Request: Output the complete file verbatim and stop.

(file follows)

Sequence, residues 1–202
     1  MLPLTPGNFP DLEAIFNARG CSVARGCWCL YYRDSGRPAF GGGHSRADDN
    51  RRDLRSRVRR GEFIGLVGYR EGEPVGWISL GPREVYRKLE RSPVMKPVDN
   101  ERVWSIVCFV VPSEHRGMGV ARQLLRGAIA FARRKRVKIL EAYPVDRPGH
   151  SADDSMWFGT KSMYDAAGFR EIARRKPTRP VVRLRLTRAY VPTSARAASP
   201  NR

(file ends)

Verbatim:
Sequence, residues 1–202
     1  MLPLTPGNFP DLEAIFNARG CSVARGCWCL YYRDSGRPAF GGGHSRADDN
    51  RRDLRSRVRR GEFIGLVGYR EGEPVGWISL GPREVYRKLE RSPVMKPVDN
   101  ERVWSIVCFV VPSEHRGMGV ARQLLRGAIA FARRKRVKIL EAYPVDRPGH
   151  SADDSMWFGT KSMYDAAGFR EIARRKPTRP VVRLRLTRAY VPTSARAASP
   201  NR